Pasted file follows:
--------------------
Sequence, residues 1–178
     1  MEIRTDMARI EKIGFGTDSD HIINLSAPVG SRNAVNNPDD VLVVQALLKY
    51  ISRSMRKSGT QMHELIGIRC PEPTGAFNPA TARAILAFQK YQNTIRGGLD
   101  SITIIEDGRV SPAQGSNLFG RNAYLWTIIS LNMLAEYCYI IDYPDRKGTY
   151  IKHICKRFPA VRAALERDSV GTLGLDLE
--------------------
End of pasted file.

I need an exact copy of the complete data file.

Sequence, residues 1–178
     1  MEIRTDMARI EKIGFGTDSD HIINLSAPVG SRNAVNNPDD VLVVQALLKY
    51  ISRSMRKSGT QMHELIGIRC PEPTGAFNPA TARAILAFQK YQNTIRGGLD
   101  SITIIEDGRV SPAQGSNLFG RNAYLWTIIS LNMLAEYCYI IDYPDRKGTY
   151  IKHICKRFPA VRAALERDSV GTLGLDLE